Modern Order: Houses by Robert Gurney
Robert Gurney was designing modern houses long before modern was cool-or at least, cool in Washington, DC That fact isn’t attributable to Gurney’s status as an early pioneer of modernism with decades of seasoning-he’s far too young for that label. Rather, the distinction has more to do with the fact that establishment Washington tends to follow, not lead, when it comes to matters of fashion, art, and architecture.
So, at the time Gurney was breaking into architecture in the mid-1980s, the prevailing demand was for houses that looked familiar: roofs with gables, windows with shutters, siding made of brick or clapboard-certainly not fa<;:ades composed of vast sheets of glass neatly trimmed with metal. As the ’80s progressed, the rising tide of postmodernism did litt le to give an aspiring modernist architect a sense of buoyancy. But Gurney is an optimist at heart, and so he did what he could to satisfy his clients with houses that were informed by a modernist spirit.
After launching a small office in 1990 in Alexandria, Virginia, Gurney survived on primarily small additions. One such project was a revamped kitchen and spacious new family room that fit well in its northwest Washington neighborhood, with exterior flourishes such as a hipped roof, cupola, and moon-shaped weather vane. Inside, however, the addition boasts abundant natural light, free-flowing space, and clever built-in cabinets concealing a large entertainment center.
Breakthroughs began in the late ’90s. Gurney’s addition to a Lovettsville, Virginia, farmhouse set itself apart: The deep-red board-and-batten siding and enclosed staircase projecting outside the volume of the addition clearly signaled that something was up-something beyond the ordinary. Finally, by the turn of the century, an influx of new money and the impact of national media (from shelter magazines to home-conscious reality TV shows) had enhanced the appetite for modern design among Washingtonians. Breaking the cultural inertia of the old-money set was an influx of young people who eschewed traditional houses.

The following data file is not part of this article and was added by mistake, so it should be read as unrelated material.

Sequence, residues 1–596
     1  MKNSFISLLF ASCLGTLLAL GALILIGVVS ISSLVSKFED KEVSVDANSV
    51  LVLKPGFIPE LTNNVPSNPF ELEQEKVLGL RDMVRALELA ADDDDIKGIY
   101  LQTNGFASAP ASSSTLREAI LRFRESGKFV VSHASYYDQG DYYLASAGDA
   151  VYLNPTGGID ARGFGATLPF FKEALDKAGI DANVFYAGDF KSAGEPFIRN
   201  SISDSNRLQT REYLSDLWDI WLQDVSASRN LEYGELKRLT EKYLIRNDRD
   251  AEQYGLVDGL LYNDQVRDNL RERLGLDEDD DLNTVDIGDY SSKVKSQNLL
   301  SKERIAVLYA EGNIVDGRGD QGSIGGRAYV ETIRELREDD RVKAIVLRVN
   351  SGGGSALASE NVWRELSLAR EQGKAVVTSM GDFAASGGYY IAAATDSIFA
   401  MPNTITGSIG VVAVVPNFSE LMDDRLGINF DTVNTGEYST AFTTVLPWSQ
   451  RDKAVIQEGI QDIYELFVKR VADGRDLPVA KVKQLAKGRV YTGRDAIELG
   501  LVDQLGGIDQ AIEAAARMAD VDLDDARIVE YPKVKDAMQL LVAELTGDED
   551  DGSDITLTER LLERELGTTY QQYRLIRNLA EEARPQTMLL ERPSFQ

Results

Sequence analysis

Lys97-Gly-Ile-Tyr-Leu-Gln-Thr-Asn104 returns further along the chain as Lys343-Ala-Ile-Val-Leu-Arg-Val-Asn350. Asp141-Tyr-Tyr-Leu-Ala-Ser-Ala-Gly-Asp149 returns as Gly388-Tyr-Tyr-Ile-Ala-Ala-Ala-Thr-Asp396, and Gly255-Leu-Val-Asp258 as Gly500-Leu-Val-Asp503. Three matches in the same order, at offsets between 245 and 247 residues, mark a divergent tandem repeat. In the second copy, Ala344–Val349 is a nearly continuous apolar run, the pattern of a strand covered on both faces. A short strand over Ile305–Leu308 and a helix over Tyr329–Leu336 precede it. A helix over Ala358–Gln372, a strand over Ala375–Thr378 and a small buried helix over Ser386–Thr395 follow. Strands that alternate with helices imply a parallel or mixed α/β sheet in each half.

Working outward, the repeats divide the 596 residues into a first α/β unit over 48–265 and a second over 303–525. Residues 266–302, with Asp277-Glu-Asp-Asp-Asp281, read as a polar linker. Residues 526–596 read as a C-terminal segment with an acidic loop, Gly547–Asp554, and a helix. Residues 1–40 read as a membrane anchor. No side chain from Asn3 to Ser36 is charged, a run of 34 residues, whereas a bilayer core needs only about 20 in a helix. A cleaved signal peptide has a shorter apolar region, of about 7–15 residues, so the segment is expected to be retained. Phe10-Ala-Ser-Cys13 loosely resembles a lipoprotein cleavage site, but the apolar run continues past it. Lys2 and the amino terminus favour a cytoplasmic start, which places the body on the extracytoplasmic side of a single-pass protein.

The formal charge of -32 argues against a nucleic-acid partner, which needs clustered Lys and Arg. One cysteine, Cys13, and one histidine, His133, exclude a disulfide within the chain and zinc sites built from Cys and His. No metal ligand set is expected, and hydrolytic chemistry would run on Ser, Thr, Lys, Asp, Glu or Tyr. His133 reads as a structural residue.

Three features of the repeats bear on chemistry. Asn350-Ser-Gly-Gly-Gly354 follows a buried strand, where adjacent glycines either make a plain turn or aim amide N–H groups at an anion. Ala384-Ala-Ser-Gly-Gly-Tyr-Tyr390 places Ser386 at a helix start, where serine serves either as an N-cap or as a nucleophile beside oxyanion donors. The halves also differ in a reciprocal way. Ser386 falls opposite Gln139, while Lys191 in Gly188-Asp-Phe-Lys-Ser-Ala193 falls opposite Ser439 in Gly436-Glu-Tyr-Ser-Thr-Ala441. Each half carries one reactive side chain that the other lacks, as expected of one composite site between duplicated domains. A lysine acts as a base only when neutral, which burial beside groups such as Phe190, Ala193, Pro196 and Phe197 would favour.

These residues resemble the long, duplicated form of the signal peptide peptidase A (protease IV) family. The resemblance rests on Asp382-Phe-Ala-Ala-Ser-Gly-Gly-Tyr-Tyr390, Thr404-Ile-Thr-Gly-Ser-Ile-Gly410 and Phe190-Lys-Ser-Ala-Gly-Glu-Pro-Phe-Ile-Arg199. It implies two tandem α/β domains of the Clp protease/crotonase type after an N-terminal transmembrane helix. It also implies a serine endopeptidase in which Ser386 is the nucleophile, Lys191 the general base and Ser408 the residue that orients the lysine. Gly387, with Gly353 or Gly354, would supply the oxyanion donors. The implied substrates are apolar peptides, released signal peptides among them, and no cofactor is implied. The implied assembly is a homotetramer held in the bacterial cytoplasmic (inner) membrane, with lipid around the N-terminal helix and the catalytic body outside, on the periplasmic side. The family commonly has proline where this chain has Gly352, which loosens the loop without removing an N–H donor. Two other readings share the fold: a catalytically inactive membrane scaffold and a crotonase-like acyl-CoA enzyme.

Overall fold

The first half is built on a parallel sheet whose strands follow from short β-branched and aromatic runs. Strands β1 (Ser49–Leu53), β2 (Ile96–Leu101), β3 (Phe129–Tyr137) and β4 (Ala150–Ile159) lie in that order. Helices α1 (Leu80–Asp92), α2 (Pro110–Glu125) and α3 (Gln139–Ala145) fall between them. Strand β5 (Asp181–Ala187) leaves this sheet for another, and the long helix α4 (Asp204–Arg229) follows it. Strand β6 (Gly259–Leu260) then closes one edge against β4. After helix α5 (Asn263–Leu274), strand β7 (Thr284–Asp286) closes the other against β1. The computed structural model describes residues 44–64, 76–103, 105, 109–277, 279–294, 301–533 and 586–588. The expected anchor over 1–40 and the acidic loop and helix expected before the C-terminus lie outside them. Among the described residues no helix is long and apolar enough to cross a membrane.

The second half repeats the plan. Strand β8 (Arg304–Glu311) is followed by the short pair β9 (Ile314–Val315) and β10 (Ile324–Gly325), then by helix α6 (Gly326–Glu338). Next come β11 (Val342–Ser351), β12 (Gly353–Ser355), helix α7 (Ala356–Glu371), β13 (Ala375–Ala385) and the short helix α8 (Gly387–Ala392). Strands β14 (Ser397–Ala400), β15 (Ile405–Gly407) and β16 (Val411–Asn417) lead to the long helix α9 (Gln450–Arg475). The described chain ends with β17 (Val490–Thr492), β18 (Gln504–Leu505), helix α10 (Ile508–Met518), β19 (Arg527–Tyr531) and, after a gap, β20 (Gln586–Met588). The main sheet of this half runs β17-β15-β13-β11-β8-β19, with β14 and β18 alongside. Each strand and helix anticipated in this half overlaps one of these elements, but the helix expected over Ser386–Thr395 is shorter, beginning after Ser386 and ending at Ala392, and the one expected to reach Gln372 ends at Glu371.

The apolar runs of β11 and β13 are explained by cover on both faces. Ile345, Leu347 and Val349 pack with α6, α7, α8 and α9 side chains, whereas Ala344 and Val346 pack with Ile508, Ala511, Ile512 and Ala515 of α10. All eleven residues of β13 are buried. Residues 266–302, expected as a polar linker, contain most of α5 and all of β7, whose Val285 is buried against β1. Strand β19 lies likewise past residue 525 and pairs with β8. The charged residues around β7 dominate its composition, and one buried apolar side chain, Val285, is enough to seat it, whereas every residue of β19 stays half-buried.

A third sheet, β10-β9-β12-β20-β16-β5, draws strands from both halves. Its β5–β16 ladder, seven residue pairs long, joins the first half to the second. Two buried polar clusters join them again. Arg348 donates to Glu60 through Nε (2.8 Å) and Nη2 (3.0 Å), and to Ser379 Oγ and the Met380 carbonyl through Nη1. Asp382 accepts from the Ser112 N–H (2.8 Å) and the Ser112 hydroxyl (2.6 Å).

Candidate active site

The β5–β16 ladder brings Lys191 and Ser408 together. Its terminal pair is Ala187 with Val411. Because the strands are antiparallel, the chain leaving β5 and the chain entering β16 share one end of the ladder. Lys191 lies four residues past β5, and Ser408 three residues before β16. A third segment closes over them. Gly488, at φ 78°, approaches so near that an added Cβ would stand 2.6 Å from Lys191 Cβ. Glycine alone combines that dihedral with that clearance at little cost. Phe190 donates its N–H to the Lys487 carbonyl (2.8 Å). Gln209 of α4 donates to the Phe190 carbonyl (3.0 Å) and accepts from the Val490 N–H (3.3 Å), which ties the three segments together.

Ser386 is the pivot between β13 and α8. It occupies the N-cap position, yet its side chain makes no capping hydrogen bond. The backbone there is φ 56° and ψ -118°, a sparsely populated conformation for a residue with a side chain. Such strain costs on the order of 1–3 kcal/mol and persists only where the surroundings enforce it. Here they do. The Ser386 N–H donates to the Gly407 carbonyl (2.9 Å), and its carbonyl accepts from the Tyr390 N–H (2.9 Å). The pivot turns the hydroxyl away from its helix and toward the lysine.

Gurney’s patience had paid off. At last he was able to build what he envisioned: contemporary houses that are ordered, rigorous, functional, and ligh t-fi lled. And unlike many mid-century modern houses-whose interiors can be stark in their simplicity-there’s a palpable sensuality to Gurney’s handling of materials inside the shell of the building.
His infatuation with elegant materials and overlapping spaces conceals the fact that Gurney first came to understand buildings in a gritty sort of way. His father, a New York City firefighter, had a second job as bricklayer. From the time he was 10 years old, Gurney labored at his father’s side, mixing cement and carrying bricks. By the time he was a young architect, tackling two successive Capitol Hill rowhouses early in his career, Gurney had developed a deep knowledge of how buildings go together. “I’d do the demolition, I’d do the framing, I’d do the drywall,” he explains. “When you do everything yourself, you learn so much.” But the benefits of getting his hands dirty went deeper than construction know-how. The experience helped Gurney develop a sensitivity for the way materials feel, in addition to how they look-a tactili ty that is expressed in his buildings as compositions of textures.
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|May 30, 2020|